Wednesday, 19 November 2014

What Was Life in the Trenches Like?

by Will Pearson



Popular memory concerning the life of a Great War soldier is all about mud, rats, lice, machine-guns and being shot at dawn if you disobeyed. 

However, the facts of a typical Tommy's life paint a rather different picture. For example: did you know that a typical infantry soldier was only in the front line trenches for about one quarter of his total time overseas and involved in action for a few days in the whole war?

Although most of us think primarily of the Great War in terms of life and death in the trenches, only a relatively small proportion of the army actually served there. The trenches were the front lines, the most dangerous places. But behind them was a mass of supply lines, training establishments, stores, workshops, headquarters and all the other elements of the contemporary system of war, in which the majority of troops were employed. The trenches were the domain of the infantry, with the supporting arms of the mortars and machine-guns, the engineers and the forward positions of the artillery observers.

The idea of digging into the ground to give some protection from powerful enemy artillery and small arms fire was not a new idea or unique to the Great War. It had been widely practiced in the US Civil War, the Russian-Japanese war and other fairly recent wars. Trench warfare can be said to have begun in September 1914 and ended when the Allies made a breakthrough attack in August 1918. Before and after those dates were wars of movement: in between it was a war of entrenchment. The massive armies of 1914 initially fought a war of movement, and any trenches dug were only for temporary cover. But from the Battle of the Aisne onwards, both sides dug in to take cover and hold their ground. The successive movements to outflank the enemy trenches came to an end by November 1914. By then there was a continuous line of trenches covering some 400 miles from Switzerland to the North Sea.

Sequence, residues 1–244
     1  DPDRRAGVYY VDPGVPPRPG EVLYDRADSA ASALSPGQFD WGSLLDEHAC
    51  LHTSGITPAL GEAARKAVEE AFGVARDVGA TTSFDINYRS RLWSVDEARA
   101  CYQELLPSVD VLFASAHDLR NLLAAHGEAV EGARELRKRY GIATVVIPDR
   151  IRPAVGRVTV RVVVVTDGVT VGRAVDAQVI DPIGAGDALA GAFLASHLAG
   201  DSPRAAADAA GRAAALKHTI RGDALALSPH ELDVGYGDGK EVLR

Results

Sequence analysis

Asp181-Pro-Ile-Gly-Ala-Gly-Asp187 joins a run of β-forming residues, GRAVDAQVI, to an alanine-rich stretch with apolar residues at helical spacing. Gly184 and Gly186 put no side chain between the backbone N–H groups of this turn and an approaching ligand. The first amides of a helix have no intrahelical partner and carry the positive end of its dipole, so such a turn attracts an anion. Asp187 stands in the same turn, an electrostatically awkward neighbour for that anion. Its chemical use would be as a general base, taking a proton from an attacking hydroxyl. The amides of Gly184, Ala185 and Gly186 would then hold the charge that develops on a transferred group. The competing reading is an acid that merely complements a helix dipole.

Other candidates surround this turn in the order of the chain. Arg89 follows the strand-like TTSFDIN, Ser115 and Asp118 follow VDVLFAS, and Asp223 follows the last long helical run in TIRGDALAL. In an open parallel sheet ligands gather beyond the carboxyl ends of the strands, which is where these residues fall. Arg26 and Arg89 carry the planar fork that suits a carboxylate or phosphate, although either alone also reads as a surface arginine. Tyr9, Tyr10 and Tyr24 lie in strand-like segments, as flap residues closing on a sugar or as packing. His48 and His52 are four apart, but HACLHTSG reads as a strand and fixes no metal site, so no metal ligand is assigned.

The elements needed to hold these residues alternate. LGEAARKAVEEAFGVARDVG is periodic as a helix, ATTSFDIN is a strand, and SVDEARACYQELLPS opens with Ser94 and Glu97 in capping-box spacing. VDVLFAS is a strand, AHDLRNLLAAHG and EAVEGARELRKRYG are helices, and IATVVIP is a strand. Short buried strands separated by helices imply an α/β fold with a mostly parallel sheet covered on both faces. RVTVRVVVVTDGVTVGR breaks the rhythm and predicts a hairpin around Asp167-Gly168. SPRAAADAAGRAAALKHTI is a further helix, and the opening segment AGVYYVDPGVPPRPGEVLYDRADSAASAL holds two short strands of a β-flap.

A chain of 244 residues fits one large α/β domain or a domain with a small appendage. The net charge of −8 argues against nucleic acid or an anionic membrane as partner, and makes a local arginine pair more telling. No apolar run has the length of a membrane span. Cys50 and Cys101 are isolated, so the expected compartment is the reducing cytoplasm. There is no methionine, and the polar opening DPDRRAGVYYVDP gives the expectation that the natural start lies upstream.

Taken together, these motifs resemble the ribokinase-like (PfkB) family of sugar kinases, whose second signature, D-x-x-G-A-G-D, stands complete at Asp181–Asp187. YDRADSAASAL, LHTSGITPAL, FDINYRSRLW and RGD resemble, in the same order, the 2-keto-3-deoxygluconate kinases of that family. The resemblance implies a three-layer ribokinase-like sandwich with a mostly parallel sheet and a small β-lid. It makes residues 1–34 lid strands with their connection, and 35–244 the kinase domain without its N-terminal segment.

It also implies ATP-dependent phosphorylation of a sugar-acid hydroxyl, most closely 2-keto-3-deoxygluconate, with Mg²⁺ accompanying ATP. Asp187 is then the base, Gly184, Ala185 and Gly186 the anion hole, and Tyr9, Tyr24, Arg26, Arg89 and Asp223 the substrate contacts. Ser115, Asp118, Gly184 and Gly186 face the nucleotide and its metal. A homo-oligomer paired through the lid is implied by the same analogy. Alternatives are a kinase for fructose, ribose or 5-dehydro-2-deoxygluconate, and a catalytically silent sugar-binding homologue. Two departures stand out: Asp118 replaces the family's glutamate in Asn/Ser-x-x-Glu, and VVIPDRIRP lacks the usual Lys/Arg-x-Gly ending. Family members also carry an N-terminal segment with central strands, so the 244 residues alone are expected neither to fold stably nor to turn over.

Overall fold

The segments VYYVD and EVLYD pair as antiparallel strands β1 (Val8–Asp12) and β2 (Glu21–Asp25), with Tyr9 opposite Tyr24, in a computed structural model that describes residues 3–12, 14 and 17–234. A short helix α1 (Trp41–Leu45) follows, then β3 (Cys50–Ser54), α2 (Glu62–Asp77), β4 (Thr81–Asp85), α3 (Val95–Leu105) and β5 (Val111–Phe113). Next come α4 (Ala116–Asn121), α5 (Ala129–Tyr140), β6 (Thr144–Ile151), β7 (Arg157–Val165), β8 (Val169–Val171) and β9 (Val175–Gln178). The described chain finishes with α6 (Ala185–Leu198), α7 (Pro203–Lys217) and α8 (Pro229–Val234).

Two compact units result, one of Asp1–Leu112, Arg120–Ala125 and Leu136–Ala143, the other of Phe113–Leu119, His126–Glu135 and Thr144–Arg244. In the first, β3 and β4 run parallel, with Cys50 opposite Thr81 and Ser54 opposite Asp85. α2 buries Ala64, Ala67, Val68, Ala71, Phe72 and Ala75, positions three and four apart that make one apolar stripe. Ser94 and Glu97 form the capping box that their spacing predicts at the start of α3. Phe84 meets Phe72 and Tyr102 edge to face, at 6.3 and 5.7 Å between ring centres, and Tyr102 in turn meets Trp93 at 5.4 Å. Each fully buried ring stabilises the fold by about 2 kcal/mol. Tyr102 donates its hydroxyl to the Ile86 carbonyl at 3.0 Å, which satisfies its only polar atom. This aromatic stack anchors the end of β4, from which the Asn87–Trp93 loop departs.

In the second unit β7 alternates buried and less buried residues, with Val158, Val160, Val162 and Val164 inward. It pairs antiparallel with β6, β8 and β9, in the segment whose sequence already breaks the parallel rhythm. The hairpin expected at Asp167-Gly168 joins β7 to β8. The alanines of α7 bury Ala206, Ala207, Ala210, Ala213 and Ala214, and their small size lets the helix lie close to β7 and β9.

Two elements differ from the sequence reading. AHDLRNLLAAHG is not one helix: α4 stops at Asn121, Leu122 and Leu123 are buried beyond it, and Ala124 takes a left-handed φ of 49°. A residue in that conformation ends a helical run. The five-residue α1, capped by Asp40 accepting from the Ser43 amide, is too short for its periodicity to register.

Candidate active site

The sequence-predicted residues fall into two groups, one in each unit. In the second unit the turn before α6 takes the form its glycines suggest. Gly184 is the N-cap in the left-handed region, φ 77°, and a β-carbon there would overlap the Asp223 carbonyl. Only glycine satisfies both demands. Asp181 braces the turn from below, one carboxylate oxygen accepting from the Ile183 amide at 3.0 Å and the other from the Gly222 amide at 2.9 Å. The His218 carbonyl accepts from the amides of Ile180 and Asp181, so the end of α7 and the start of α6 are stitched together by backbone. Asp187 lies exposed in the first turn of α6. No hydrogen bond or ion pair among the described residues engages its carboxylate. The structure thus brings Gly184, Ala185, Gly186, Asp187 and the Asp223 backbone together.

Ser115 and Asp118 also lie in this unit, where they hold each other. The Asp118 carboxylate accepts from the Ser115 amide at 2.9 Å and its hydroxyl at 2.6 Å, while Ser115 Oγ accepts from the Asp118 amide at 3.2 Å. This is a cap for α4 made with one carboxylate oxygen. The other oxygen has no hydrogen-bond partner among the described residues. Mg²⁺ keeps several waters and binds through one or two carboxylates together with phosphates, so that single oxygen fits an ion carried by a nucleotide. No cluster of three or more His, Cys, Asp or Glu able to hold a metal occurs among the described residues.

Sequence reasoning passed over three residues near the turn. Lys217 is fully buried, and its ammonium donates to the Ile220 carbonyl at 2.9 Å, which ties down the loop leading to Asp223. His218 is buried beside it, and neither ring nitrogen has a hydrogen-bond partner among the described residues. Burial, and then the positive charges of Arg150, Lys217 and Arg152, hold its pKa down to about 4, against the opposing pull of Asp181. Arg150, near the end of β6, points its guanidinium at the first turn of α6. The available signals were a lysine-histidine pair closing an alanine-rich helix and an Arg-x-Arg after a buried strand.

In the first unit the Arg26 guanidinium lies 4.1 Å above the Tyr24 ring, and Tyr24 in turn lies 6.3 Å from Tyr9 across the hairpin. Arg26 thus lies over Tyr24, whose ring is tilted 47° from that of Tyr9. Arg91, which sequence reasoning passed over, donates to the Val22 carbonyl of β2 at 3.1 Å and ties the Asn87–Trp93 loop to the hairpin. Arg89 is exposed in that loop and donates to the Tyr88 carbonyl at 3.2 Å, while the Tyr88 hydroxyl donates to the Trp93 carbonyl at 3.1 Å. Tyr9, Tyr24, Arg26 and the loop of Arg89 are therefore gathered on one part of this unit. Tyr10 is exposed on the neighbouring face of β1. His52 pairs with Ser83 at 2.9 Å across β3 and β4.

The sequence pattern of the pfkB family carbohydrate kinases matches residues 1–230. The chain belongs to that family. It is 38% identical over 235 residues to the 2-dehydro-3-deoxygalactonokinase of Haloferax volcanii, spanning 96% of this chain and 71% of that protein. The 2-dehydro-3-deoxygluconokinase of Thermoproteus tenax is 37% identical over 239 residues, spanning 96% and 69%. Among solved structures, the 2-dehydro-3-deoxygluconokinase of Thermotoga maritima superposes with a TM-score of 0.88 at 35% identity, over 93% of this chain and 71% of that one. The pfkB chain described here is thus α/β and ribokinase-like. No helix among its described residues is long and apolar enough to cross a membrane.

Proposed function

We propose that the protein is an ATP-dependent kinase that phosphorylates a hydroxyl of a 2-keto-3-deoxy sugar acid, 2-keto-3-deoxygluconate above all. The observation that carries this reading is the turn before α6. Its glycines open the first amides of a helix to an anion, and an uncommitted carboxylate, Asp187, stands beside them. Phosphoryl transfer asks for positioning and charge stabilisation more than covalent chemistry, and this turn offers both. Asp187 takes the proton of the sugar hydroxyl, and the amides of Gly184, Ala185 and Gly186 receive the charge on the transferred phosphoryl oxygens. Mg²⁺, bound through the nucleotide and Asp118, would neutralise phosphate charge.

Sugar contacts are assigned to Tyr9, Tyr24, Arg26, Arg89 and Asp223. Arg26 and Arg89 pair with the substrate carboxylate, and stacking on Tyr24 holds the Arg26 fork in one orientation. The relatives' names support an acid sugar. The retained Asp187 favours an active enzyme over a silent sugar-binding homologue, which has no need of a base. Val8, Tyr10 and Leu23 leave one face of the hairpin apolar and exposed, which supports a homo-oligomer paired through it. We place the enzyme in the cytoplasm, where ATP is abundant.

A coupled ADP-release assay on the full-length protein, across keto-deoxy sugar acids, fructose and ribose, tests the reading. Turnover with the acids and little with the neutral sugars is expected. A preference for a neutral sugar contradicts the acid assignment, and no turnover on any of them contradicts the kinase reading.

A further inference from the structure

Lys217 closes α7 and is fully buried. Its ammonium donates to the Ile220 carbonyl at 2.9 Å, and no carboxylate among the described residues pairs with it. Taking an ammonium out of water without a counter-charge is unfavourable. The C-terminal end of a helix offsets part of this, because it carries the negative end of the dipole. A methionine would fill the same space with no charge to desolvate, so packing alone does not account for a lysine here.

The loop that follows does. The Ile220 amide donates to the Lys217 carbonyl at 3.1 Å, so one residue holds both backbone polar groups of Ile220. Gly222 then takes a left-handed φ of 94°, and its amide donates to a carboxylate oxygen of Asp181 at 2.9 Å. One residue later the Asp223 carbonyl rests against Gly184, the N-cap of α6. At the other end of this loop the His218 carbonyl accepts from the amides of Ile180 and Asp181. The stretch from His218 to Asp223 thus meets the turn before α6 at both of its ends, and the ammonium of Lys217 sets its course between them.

Trench conditions varied widely between different theatres of war with the time of year and weather. Trench life was however always one of considerable squalor, with so many men living in a very constrained space. Scraps of discarded food, empty tins and other waste, the nearby presence of the latrine, the general dirt of living half underground and being unable to wash or change for days or weeks at a time created conditions of severe health risk (and that is not counting the military risks). Vermin, including rats and lice, were numerous; disease was spread both by them, and by the maggots and flies that thrived on the nearby remains of decomposing human and animal corpses. Troops in the trenches were also subjected to the weather: the winter of 1916-1917 in France and Flanders was the coldest in living memory; the trenches flooded in the wet, sometimes to waist height, whenever it rained. Men suffered from exposure, frostbite, trench foot and many diseases brought on or made worse by living in such a way. Overall, the life of a Tommy was not a happy one, but there are many misconceptions about the extent to which the soldiers were exposed to this harsh life.



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